Trump official Jeffrey Clark pushes to move Fulton County case

September 19, 2023

Former Trump administration official Jeffrey Clark requested that his Fulton County case be moved to federal court on Monday.

Clark, one of 18 co-defendants in the case with the former president, is charged with breaking Georgia's Racketeer Influenced and Corrupt Organizations Act (RICO) statute and other crimes.

The background

"Clark served as Assistant Attorney General in the environment and natural resources division under Trump’s administration. Clark is being charged with a violation of the RICO statute and attempting to commit false statements and writings," Breitbart News reported.

"The false statements charge stems from a letter Clark wrote that claimed the U.S. Department of Justice had 'identified significant concerns that may have impacted the outcome of the election in multiple States, including the State of Georgia,'" it continued.

Low chance?

"Former Justice Department Civil Division head Jeffrey Clark, who is accused of helping Trump try to force states to delay certification of the 2020 presidential election under false pretenses, is almost certain to fail in his bid to get his charges in the Georgia election racketeering case removed to federal court," Raw Story reported.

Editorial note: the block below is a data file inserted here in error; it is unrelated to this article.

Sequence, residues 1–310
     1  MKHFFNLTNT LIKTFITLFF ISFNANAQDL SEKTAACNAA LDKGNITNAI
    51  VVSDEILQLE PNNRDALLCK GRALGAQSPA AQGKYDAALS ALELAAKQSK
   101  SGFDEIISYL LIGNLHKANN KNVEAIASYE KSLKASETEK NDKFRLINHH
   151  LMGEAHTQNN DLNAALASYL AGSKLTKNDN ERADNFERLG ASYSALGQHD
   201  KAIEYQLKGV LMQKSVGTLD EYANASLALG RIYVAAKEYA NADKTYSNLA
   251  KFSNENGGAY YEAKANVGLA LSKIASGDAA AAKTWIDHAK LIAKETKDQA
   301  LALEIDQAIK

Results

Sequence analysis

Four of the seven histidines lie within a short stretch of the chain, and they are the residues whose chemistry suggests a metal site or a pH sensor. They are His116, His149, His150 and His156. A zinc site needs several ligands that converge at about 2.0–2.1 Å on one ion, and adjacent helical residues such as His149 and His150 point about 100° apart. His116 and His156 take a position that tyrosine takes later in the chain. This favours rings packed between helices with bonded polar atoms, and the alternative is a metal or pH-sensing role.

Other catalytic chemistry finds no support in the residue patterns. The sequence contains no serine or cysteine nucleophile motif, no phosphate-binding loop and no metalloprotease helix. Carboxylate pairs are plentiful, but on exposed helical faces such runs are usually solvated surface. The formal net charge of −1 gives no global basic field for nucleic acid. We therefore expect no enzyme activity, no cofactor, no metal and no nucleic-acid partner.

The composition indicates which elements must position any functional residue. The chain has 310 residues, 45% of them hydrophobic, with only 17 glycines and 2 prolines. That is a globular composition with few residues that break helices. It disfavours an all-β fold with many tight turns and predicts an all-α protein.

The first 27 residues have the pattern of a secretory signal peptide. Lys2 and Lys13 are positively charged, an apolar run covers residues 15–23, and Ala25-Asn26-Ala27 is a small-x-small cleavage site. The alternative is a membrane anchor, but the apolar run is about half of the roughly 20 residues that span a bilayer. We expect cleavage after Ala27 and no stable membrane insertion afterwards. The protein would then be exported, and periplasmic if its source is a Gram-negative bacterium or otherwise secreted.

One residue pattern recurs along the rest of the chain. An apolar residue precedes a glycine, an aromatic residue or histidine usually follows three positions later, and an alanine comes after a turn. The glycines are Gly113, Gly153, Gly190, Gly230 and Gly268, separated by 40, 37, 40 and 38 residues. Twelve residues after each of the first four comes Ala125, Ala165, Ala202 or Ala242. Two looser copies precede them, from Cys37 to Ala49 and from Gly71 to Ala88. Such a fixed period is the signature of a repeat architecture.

"Mark Meadows, who was Trump's White House Chief of Staff, lost his attempt to move his case to federal court," said Blitzer. "Given that, does Jeffrey Clark have a realistic chance of getting his case moved from state to federal court?"

Clark's argument

"Clark is one of five defendants in the Fulton County DA's case who have filed for removal based on a federal law that calls for the removal of criminal proceedings brought in state court to the federal court system when someone is charged for actions they allegedly took as a federal official acting "under color" of their office," ABC News noted.

"At the hearing Monday, Clark's attorney argued that Clark's action in drafting a letter to send to Georgia officials claiming there was evidence of voter fraud that could have affected the outcome of the election in Georgia would have been 'impossible' if he wasn't acting under the color of his office," it continued.

Clark's case may have an important influence on others involved in the Fulton County indictment, though his chances for success may be low.

The judge handling the case has already turned down Mark Meadows and others in similar requests, which would make Clark a surprise exception.

The massive case is likely to drag on for months, with Trump's lawyers seeking to delay the case until after the 2024 presidential election.

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